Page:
Every year on February 2nd, World Wetlands Day is celebrated as an opportunity to raise awareness about the vital role that wetlands play in the environmental health of the planet and the lives of people around the world. This year’s theme is “Water and Wetlands,” and Larson Design Group (LDG)’s Environmental team members are weighing in with facts, figures and more about this important day.
Why is this year’s theme of “water and wetlands” important?
Water is one of the biggest defining characteristics of wetlands. Water gives wetlands the ability to provide diverse and valuable ecosystems that are home to 40% of the Earth’s known species. These resources protect our communities from damaging flood waters by absorbing up to 1.5 million gallons of water per acre. They also sustain agriculture and aquaculture production that feed billions throughout the world by providing natural storage and filtration of water. Wetlands and water are important to the entire ecosystems functionality and play a large role in the advancement of our everyday life. Water and wetlands are two of the most important resources we have on earth and by working together, they can be protected, conserved, and restored. – Josh Glace, Senior Environmental Specialist
Why did you choose the Environmental field for your career?
I have always been fascinated with the natural world around us and a career in the Environmental field was a result of always being interested in being out of the office. All my life I’ve enjoyed activities like fishing, hunting, hiking, biking, exploring forests and trails, and beachcombing; and growing up in Anchorage (Alaska), there was always somewhere new to experience. I wouldn’t say I intentionally steered myself into an environmental career, as a great deal of my work experience up to now has been in pipeline, refinery and wellhead operations and regulation. Instead, I think I have stayed open to new opportunities that interested me. Ultimately, that lead me to a career in the Environmental field, which I am passionate about. – Wyatt Tompkins, Environmental Specialist
What is a fact about “wetlands” that people might find surprising?
Wetlands are the most biologically diverse of all ecosystems. Wetlands can store up to 50 times more carbon compared to rain forests which helps to combat climate change. They cumulatively accommodate more than 19,500 animal and plant species. In the United States, 80% of all the breeding birds require wetlands for survival. – Bob Cawthern, Senior Environmental Specialist
Why do you value wetlands and their environmental impact?
I value wetland resources for their versatility to complete many key functions in the environment. A few of these functions include water storage, filtration, groundwater recharge, transformation and storage of nutrients, and providing habitat and food sources for a diverse ecological community. A wetlands ability to hold excess water during a flood event, or recharge groundwater during a dry period shows how responsive they are to their surrounding environments. It is this responsiveness that makes wetlands such an important environmental resource. – Teah Gray, Environmental Technician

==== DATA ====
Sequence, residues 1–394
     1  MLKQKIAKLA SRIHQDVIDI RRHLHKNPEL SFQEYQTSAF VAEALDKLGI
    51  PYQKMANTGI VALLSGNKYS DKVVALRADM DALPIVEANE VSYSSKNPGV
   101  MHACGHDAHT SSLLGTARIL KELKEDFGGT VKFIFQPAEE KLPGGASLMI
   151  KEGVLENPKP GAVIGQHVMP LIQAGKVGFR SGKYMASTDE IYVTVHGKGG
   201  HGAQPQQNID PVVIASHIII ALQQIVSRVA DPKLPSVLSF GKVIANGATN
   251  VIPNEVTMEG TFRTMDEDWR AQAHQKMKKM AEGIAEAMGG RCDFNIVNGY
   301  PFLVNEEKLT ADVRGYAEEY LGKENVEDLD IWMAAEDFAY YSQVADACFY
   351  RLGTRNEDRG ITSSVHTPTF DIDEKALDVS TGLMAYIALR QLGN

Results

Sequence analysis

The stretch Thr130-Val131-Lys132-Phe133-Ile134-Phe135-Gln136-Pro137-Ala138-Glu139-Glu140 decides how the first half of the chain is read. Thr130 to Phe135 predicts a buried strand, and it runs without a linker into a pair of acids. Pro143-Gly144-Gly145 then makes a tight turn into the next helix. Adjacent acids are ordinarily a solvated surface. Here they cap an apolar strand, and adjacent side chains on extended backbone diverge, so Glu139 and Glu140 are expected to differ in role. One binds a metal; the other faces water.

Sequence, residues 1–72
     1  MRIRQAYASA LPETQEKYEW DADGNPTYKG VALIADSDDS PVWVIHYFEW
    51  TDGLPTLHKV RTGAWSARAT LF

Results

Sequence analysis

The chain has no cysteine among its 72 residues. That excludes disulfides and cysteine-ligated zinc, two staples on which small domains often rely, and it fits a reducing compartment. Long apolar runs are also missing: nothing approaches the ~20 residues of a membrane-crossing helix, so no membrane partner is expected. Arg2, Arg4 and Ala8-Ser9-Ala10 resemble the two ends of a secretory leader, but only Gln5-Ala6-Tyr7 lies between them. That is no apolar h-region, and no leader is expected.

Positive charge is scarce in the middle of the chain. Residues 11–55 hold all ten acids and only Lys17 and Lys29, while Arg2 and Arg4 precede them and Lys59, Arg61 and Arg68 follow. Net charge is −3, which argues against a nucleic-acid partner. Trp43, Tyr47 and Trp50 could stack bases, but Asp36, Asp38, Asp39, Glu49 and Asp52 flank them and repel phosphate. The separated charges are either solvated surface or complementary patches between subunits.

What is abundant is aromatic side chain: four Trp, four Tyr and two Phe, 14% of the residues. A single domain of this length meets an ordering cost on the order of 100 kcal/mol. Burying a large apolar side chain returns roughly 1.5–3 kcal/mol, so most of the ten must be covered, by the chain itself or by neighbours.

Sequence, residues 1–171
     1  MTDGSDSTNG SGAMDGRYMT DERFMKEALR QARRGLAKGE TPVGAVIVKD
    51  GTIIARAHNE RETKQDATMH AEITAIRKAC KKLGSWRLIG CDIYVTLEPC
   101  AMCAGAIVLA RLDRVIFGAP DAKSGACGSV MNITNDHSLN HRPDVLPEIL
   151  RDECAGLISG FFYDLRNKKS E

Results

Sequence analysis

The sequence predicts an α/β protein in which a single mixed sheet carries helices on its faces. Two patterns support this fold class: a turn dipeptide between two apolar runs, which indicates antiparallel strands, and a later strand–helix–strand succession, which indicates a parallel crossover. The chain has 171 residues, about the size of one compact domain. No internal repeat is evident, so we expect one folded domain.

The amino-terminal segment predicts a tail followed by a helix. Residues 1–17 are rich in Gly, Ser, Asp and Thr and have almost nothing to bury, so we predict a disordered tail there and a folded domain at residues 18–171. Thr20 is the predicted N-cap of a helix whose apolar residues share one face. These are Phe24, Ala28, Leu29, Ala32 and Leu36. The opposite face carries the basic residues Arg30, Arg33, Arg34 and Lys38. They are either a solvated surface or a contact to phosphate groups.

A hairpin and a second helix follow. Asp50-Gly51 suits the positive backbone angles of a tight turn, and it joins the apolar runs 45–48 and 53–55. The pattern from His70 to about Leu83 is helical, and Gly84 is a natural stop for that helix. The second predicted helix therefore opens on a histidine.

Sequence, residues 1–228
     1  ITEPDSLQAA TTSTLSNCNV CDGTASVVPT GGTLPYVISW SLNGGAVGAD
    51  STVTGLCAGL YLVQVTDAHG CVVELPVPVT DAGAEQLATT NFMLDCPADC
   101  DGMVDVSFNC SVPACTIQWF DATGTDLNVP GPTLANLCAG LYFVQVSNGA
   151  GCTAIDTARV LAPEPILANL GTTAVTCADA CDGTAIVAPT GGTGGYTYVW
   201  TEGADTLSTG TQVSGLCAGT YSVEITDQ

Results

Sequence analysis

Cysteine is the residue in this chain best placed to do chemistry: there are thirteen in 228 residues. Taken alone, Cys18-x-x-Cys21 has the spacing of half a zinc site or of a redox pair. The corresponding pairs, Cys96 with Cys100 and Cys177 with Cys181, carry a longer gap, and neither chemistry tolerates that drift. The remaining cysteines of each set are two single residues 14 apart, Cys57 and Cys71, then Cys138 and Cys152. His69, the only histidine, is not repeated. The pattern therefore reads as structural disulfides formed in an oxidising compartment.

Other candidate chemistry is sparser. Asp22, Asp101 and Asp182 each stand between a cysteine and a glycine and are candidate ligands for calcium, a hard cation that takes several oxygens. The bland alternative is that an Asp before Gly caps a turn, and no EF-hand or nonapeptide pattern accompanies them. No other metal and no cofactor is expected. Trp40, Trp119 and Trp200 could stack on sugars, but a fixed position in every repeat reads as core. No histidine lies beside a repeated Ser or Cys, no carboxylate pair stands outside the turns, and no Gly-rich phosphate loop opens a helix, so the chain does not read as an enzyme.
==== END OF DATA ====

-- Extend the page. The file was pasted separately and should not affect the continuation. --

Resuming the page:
What actions can people take in their everyday lives to protect wetlands?
As we live in this ever–changing world and human expansion explodes, even the smallest of changes have huge effects. Things that we utilize everyday can diminish the value and effectiveness of wetlands. Here are a few ways that people can protect wetlands in everyday life:
Household plants, lawns, and gardens: Limit your use of fertilizers and chemicals in growing your plants and lawn as the excess chemicals can make its way into our water resources and groundwater supply. Fertilizers and chemicals can be very harmful to the health and wellness of wetlands and waterbodies. One acre of wetlands can hold up to 1.5 million gallons of water and recharges groundwater supply.
Wetland wildlife: Like wetland plants, wetland wildlife is fragile and susceptible to damage. Wetlands provide a haven to many species of wildlife. It is important to not alter the habitat within and around wetland resources, as they provide a source of shelter and food. Make sure to leave natural unmaintained vegetation around aquatic resources to promote wildlife utilization and resource success.
Conserve: Between conserving water, recycling, and reducing pollution, there is less waste that can end up in wetlands and water resources. Great ways of being responsible include making sure you are recycling correctly, start a compost in your back yard for biodegradable waste, and minimize excess water consumption. Every little bit helps. – Jim Neal, Senior Engineering Technician
LDG’s environmental specialists are committed to providing innovative, environmentally sound, and economical solutions. Our experts are fluent in the challenges that arise when proposed project activities interact with the natural environment, whether planning a residential development, constructing a utility line, replacing a bridge, or restoring a stream. In all field data collection, reporting and analysis, we focus on conserving, maintaining, and improving our natural resources and environment as well as helping clients navigate the complex regulatory landscape. For more information, click here.
Founded in 1986, Larson Design Group is a national, award‐winning, 100 percent employee-owned architecture, engineering and consulting firm with 12 offices in five states and a vision to elevate client relationships, enrich the careers and lives of its employee-owners, and enhance the communities in which it operates. For more information, visit www.larsondesigngroup.com.
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